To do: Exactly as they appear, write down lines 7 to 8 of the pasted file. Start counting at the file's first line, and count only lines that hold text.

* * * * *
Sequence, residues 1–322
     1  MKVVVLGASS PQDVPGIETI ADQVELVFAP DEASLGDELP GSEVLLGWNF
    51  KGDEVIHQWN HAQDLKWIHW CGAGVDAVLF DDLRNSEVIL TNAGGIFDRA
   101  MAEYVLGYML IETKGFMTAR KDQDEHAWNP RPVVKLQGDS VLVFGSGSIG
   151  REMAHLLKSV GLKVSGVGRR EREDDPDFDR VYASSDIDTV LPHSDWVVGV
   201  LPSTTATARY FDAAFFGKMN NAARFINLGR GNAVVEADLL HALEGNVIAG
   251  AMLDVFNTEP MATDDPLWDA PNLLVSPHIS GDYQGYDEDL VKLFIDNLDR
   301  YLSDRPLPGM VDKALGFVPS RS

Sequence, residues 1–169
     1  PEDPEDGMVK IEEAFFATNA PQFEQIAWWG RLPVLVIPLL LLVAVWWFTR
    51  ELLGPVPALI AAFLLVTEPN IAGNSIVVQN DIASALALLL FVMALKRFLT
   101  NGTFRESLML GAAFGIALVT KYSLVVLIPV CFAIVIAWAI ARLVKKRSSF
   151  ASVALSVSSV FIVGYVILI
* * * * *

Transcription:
   251  AMLDVFNTEP MATDDPLWDA PNLLVSPHIS GDYQGYDEDL VKLFIDNLDR
   301  YLSDRPLPGM VDKALGFVPS RS